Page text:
A reading from the book of Numbers
“The Lord came down in the cloud and spoke to Moses. Taking some of the spirit that was on Moses, the Lord bestowed it on the seventy elders; and as the spirit came to rest on them, they prophesied.” However, there were two men who were left in camp “yet the spirit came to rest on them also.” Joshua, Moses’ aide, said, “Moses, my Lord, stop them.” But Moses answered them, “Are you jealous for my sake? Would that all the people of the Lord were prophets! Would that the Lord might bestow his spirit on them all!”
Moses obviously had a broader and deeper vision of God’s generosity than did Joshua who seemed to be stuck in legalism. But think about God’s generosity to us. God, the Holy Spirit, lives in us every day throughout our lives, even when we are not aware of this powerful presence or even if we are not faithful to the gift of the Spirit. The Spirit remains, abides in each of us. The Spirit is our constant companion, especially in our darkest hours and days and years. Do you talk to the Spirit within you? Even more important, do you listen to the Spirit?
“The precepts of the Lord give joy to the heart.” For the Jewish people, following the precepts, the Law of Moses, was the way to salvation. For us Christians, the way to salvation is through faith in Jesus, and his law is simple: “Love your God with all your heart and soul and your neighbor as yourself.” It is so simple, yet so challenging.
A reading from the Letter of James
James is very hard on the few rich people of his time: “Come now, you rich, weep and wail over your impending miseries. … You have stored up treasures for the last days. Behold, the wages you withheld from the workers who harvested your fields are crying aloud, and the cries of the harvesters have reached the ears of the Lord of hosts.”
So, here we are two thousand years later, in our own country, where there are billions of dollars in wages withheld each year from the poorest of the poor workers. Unlike some other countries, we have laws to protect people who are being cheated and dozens of organizations that work to promote justice, but it still happens, harming not only the workers but also the majority of businesses that treat workers fairly and do not “steal” their wages. This ancient admonition from James is as true today as it was centuries ago.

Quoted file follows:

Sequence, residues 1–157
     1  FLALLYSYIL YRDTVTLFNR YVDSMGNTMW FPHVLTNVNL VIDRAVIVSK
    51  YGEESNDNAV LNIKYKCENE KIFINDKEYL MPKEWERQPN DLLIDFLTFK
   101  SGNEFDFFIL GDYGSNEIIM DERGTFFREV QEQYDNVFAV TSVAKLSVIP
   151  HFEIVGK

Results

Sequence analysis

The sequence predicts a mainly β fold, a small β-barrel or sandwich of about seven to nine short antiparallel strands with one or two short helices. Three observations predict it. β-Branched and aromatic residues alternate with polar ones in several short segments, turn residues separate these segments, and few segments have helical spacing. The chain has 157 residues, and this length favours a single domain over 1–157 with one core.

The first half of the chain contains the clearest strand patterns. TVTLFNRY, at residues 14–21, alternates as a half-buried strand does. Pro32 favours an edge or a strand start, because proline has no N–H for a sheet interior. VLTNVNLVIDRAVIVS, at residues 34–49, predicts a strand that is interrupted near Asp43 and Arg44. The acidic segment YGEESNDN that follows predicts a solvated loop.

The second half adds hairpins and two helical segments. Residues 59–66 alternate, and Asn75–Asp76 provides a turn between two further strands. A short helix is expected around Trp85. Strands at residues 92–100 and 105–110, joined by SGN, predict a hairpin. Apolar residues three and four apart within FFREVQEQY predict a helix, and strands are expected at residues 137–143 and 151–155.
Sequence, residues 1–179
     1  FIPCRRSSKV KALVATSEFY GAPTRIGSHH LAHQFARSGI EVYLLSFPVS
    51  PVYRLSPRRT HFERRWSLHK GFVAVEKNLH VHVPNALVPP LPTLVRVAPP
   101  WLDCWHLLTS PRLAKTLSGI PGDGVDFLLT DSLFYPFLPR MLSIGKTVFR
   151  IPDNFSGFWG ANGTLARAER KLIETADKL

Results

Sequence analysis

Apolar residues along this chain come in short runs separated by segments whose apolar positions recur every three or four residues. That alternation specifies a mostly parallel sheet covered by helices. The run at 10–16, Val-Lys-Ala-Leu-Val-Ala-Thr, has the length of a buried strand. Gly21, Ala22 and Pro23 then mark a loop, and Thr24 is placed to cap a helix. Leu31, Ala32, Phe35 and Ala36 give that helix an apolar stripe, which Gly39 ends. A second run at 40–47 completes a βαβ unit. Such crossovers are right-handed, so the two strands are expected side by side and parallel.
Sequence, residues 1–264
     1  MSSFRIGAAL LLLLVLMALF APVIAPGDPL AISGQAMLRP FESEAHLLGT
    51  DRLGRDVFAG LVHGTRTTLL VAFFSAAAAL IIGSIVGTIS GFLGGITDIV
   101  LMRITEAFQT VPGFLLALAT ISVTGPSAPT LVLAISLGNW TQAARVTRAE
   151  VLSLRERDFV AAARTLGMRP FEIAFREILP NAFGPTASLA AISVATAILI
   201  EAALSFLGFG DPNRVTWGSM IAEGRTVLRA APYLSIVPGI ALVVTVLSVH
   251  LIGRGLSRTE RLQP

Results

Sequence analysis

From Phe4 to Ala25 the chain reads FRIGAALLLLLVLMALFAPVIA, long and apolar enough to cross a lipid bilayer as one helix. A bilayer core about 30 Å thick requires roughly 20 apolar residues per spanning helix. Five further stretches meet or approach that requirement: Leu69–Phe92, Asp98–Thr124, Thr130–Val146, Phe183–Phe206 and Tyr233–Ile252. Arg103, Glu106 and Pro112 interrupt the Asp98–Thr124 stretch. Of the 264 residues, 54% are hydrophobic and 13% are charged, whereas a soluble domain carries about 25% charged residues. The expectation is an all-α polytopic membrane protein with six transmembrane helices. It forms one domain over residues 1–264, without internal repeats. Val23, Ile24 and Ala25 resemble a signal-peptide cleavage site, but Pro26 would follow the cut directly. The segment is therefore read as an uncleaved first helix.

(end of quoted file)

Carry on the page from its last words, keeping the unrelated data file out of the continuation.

A reading from the Holy Gospel according to Mark
(Chapter 9:38-43, 45, 47-48)
There was a form of speech popular in the time of Jesus that he used it from time to time to make his point. It is called “Semitic exaggeration” and it sounds strange to us today. When Jesus talks about cutting off a hand of a foot or plucking out an eye, he is using Semitic exaggeration, but over the years these expressions have caused much confusion.
The point that Jesus is making is the importance of entering into the kingdom of God or what we call heaven. That is what is most important. That is our goal.
This passage describes a disagreement between Jesus and John, similar to the one between Moses and Joshua: “‘Teacher, we saw someone driving out demons in your name, and we tried to prevent him because he does not follow us.’ Jesus replied, ‘Do not prevent him. There is no one who performs a mighty deed in my name who, at the same time, speaks ill of me. For whoever is not against us is for us. Anyone who gives you a cup of water to drink because you belong to Christ, amen, I say to you, will surely not lose his reward.’” Jesus is always more inclusive, more understanding than we might be, always looking at the deeper motivation rather than at categories of exclusion.
Is there anyone who you may have excluded from your life because of differences of opinion? Or has anyone excluded you because of differences? There may be some deep differences that keep us apart from one another, but many other differences that are less important or, by making us diverse and therefore more interesting, actually enrich our lives.
Excerpts from the English translation of the Lectionary for Mass © 1969, 1981, 1997, International Commission on English in the Liturgy Corporation (ICEL). All rights reserved.
Bill Ayers was a founder, with the late singer Harry Chapin, of WhyHunger. Bill was a radio and TV broadcaster for 40 years. He is a member of Our Lady Queen of Martyrs Church in Centerport, New York.